FIG. 2 illustrates the basic operation of a DVC coder;
FIGS. 3, 4 a, 4 b, and 4 c illustrate macroblock and superblock coding order for DVC video segments;
FIGS. 5, 6 a, 6 b, and 7 illustrate a block tiling for a QVGA image useful with an embodiment of the invention;
FIGS. 8 and 9 illustrate a DVC image mapping, and corresponding video segment output timeline, for the block tiling of FIG. 7;
FIGS. 10 and 11 show block diagrams for a QVGA encoding system and a QVGA decoding system according to one embodiment of the invention;
FIGS. 12 and 13 illustrate a DVC image mapping, and corresponding video segment output timeline, for a second embodiment of the invention;
FIG. 14 depicts a block diagram for a QVGA encoding system useful with the mapping of FIG. 12;
FIG. 15 shows processing timing for the encoding system of FIG. 14;
FIGS. 16 and 17 illustrate a DVC image mapping, and corresponding video segment output timeline, for a third embodiment of the invention;
FIG. 18 shows a QVGA superblock tiling useful with the mapping of FIG. 16;
FIG. 19 shows a block diagram for a QVGA decoding system useful with the mapping of FIG. 16;
FIG. 20 illustrates data padding mapping for an embodiment of the invention;
FIGS. 21a and 21 b show a QVGA superblock tiling according to an embodiment of the invention;
FIG. 22 shows a DVC image mapping for the tiling of FIGS. 21a and 21 b;
FIG. 23 shows a superblock tiling for a reduced horizontal resolution image;
FIG. 24 shows a DVC image mapping for the tiling of FIG. 23;
FIG. 25 shows a video transmit/display system using an embodiment of the invention; and
FIG. 26 illustrates a multi-mode DVC coding system according to an embodiment of the invention.
The preferred embodiments disclosed below were selected by way of illustration and not by way of limitation. For instance, although QVGA (320×240) and reduced horizontal resolution (192×240) examples are shown, the principles taught by these examples may be used with virtually any image size. And although the specific examples use a DVC encoder operating in 525-60 mode, the principles taught by these examples are applicable to other DVC modes, and indeed, other encoders that operate similarly to produce video segments.
To introduce the first example, a 320×240 QVGA luminance frame 80 is shown in FIG. 5. Frame 80 has been divided for purposes of the example into thirty rows by ten columns of macroblocks 82, each macroblock 82 constructed from four horizontally adjacent 8×8 sample blocks 84. Typically, each macroblock will also contain a 4×16 Cr and a 4×16 Cb block (not shown). This macroblock configuration matches the configuration described for macroblock 38 of FIG. 1.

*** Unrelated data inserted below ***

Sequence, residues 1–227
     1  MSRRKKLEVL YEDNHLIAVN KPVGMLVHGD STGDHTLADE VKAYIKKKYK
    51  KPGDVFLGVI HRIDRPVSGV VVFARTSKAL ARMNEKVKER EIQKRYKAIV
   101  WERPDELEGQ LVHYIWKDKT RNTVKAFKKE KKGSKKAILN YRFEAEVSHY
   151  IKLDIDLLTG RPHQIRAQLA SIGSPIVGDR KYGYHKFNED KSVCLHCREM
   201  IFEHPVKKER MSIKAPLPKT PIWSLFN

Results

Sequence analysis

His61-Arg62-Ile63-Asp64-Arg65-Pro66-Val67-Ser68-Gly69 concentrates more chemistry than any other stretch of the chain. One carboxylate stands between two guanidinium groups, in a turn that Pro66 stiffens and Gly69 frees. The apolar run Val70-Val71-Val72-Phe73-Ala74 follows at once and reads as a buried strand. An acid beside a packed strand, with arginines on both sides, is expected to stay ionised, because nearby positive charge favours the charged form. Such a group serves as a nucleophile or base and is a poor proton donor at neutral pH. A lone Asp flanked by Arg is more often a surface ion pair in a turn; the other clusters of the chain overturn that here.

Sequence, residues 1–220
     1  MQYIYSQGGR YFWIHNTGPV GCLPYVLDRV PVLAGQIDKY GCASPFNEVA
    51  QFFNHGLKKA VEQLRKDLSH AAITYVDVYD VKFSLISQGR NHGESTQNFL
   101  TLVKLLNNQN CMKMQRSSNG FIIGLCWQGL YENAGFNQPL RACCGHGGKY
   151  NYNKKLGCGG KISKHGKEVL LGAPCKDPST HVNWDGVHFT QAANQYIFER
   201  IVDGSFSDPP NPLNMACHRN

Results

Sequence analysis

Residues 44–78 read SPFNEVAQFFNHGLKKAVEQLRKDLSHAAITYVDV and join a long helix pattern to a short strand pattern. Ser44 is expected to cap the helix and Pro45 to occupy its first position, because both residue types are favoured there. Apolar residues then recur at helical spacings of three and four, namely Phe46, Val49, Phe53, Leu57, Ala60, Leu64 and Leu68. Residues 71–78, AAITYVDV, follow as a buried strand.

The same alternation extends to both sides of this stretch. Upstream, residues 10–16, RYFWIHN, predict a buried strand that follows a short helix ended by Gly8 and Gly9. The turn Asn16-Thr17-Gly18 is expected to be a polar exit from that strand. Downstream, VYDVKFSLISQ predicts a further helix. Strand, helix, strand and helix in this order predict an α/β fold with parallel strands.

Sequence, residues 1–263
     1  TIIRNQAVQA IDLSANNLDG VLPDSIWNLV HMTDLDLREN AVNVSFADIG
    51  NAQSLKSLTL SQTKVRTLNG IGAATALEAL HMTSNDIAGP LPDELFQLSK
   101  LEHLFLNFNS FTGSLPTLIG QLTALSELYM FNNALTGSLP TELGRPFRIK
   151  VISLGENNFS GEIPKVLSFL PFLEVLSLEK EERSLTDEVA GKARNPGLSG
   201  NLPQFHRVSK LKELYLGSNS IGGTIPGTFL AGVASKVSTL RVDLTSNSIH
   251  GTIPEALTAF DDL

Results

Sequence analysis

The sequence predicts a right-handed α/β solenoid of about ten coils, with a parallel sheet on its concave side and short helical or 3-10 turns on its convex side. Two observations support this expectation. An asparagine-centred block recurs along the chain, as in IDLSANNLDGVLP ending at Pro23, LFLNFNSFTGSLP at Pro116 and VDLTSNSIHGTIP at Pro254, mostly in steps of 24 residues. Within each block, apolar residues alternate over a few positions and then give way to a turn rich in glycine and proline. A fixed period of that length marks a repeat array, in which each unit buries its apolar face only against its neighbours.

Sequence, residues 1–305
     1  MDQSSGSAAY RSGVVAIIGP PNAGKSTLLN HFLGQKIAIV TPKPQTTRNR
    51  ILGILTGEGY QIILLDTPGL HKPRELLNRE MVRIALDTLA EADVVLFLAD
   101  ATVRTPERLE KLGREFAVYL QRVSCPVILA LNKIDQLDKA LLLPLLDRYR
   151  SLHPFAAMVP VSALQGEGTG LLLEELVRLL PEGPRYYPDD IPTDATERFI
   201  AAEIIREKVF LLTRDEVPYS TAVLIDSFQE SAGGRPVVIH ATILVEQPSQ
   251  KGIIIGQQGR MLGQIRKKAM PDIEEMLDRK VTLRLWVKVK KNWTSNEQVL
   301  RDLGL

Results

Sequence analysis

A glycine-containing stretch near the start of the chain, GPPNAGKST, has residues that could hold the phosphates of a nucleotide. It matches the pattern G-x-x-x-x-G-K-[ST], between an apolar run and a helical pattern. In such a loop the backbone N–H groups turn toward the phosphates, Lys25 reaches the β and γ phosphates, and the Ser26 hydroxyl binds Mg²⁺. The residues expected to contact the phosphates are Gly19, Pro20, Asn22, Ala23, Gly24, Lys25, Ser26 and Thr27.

FIGS. 6a and 6 b show, respectively, two superblock patterns 86 and 88. Each of superblock patterns 86 and 88 contains fifteen macroblocks 82, arranged as two-and-one-half columns of six rows of macroblocks. The selection of the particular shapes is related to the video segment macroblock scan order of the DVC encoder, and the reasons for these selected shapes will become more apparent as the example progresses. Note that as frame 80 contains 300 macroblocks, twenty of these fifteen-macroblock superblocks will completely tile frame 80 if a suitable tiling can be found.
FIG. 7 shows such a tiling 90. A first column of five superblocks of the superblock 86 pattern are interlocked with a second column of five superblocks of the superblock 88 pattern. A third column of five superblocks of the superblock 86 pattern are located adjacent the second column, and interlocked with a fourth column of five superblocks of the superblock 88 pattern. This tiling 90 regularly tiles QVGA frame 80 with no samples or macroblocks either excluded or left over.
The tiling is now mapped onto an otherwise blank DVC 525-60 frame 92, as shown in FIG. 8 (the first five superblocks to be encoded are highlighted for reference, but contain blank data also). The particular mapping shown accomplishes several design goals. First, the Ay,x QVGA superblocks have been staggered to correspond to the staggered sampling order used for video segment construction. This ensures that an Ay,x superblock will be considered along with four other Ay,x superblocks (rather than with blank superblocks) at the time of video segment construction. Second, the Ay,x superblocks of FIG. 7 have been aligned with the Sy′,x′ superblocks of FIG. 8, such that although the Ay,x superblocks are different in size than the Sy′,x′ superblocks, each video segment produced will either contain Ay,x data in all five of its macroblocks or blank data in all five macroblocks.